US puts India on watch list
Church welcomes decision, saying restrictions on religious freedom remain a serious problem
The Church has welcomed a decision by the United States Commission on International Religious Freedom (USCIRF) to put India on its watch list.
“This means there are serious religious freedom issues that require close monitoring due to the nature and extent of violations,” John Dayal, secretary of the All India Christian Council said, today.
The USCIRF, in its annual report published April 28, said justice for victims of large-scale communal violence in Orissa in 2007-8, Gujarat in 2002 and Sikh riots in 1984 remain “slow and ineffective”.
Police and judicial officials are “unable to redress or provide safety assurances" and there is “little hope of perpetrator accountability,” it added.
In Orissa’s Kandhamal district, which has seen a lot of anti-Christian violence, the report notes that the infrastructure for investigating and prosecuting cases is “severely limited, inconsistently utilized and hampered by political corruption and religious bias.”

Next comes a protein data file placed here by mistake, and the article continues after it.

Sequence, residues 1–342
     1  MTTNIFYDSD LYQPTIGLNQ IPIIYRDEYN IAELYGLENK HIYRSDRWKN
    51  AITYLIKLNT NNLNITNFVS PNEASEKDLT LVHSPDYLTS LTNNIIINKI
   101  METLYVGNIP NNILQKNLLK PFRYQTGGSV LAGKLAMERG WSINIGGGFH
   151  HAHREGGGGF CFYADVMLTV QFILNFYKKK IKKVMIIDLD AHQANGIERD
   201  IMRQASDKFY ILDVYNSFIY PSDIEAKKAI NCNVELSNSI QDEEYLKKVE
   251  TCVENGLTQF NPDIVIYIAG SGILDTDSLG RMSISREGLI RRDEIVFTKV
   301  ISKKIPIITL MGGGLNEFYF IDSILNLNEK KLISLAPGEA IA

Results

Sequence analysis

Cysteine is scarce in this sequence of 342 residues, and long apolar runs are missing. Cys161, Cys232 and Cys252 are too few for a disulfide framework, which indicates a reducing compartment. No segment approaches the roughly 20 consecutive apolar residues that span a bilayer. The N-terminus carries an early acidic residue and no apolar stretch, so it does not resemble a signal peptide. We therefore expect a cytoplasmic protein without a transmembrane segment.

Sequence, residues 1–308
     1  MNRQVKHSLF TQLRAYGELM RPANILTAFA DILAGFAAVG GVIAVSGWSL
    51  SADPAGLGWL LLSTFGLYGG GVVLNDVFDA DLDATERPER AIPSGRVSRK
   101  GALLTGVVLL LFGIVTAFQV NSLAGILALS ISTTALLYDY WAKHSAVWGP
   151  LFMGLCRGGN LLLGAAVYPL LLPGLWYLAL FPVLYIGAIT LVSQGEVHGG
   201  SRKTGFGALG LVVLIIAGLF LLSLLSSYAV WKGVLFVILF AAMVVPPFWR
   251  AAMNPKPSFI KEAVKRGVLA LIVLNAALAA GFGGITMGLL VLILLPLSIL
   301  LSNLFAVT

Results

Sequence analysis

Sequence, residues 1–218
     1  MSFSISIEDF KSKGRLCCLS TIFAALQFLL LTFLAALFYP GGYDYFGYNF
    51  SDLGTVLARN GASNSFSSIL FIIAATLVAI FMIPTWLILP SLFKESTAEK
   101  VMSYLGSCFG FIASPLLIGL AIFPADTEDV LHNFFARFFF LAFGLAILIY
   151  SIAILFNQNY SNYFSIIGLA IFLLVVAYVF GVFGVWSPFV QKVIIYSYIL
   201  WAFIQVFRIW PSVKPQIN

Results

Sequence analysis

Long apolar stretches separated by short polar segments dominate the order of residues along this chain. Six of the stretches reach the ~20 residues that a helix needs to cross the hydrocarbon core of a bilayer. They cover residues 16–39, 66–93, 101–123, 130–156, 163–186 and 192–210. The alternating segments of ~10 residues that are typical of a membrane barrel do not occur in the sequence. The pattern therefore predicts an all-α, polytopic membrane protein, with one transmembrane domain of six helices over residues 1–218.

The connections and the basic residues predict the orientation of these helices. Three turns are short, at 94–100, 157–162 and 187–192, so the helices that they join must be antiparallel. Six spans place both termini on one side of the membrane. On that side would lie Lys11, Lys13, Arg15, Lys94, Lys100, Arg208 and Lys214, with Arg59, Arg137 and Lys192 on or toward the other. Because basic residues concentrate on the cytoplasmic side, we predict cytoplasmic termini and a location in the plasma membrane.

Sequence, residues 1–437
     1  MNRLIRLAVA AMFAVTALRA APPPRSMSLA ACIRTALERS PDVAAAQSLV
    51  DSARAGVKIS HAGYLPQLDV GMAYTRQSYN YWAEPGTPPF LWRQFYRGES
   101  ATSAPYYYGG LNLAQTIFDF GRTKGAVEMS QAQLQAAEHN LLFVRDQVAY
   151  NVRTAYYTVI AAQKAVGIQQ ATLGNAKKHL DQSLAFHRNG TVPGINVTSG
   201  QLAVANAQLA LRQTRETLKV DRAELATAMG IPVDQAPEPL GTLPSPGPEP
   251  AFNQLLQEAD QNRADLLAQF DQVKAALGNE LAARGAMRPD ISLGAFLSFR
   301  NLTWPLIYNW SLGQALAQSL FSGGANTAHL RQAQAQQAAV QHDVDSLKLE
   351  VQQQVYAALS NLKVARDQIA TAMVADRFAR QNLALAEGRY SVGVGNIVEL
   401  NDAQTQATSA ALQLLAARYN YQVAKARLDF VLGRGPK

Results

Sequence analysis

The USCIRF has called upon India to repeal anti-conversion laws and abolish the links between religion and caste or tribal status that impact on religious minorities.
“The USCIRF and the UN human rights and freedom of faith apparatus also rightly faulted India for laws in six states which curb religious freedom under the guise of stopping illegal conversions and we are worried by an emerging pattern of impunity which must end,” Dayal said.
“In Kandhamal fast track courts there have been no convictions in dozens of murder cases, and punishments have only been for minor offenses. In a case where a Christian was killed, the accused was sentenced for another offence – not the main one of murder,” he added.
“There is an atmosphere of insecurity and culture of impunity in Kandhamal as well as other parts of Orissa with the government abdicating its responsibility and turning a blind to the issues of the victims and survivors,” said Sarat Chandra Nayak, Bishop of Berhampur, who hails from Kandhamal.
“We are part of the global family and should follow the principles enshrined in the [UN] Universal Declaration on Human Rights,” he added.